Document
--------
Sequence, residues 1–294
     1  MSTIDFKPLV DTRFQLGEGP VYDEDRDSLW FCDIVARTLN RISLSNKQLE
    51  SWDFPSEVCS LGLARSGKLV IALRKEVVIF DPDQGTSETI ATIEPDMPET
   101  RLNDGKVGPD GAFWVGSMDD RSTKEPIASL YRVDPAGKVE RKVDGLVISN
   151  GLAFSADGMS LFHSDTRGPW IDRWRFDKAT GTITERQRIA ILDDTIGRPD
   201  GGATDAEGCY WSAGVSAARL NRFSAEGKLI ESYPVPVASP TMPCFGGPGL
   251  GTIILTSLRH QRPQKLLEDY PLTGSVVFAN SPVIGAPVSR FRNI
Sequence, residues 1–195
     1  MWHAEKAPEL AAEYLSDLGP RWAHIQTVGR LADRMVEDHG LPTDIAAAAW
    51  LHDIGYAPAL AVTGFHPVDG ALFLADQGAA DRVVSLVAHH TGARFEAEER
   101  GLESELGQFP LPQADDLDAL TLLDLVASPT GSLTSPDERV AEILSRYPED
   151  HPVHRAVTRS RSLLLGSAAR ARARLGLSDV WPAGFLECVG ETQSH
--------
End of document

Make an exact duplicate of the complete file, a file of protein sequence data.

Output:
Sequence, residues 1–294
     1  MSTIDFKPLV DTRFQLGEGP VYDEDRDSLW FCDIVARTLN RISLSNKQLE
    51  SWDFPSEVCS LGLARSGKLV IALRKEVVIF DPDQGTSETI ATIEPDMPET
   101  RLNDGKVGPD GAFWVGSMDD RSTKEPIASL YRVDPAGKVE RKVDGLVISN
   151  GLAFSADGMS LFHSDTRGPW IDRWRFDKAT GTITERQRIA ILDDTIGRPD
   201  GGATDAEGCY WSAGVSAARL NRFSAEGKLI ESYPVPVASP TMPCFGGPGL
   251  GTIILTSLRH QRPQKLLEDY PLTGSVVFAN SPVIGAPVSR FRNI
Sequence, residues 1–195
     1  MWHAEKAPEL AAEYLSDLGP RWAHIQTVGR LADRMVEDHG LPTDIAAAAW
    51  LHDIGYAPAL AVTGFHPVDG ALFLADQGAA DRVVSLVAHH TGARFEAEER
   101  GLESELGQFP LPQADDLDAL TLLDLVASPT GSLTSPDERV AEILSRYPED
   151  HPVHRAVTRS RSLLLGSAAR ARARLGLSDV WPAGFLECVG ETQSH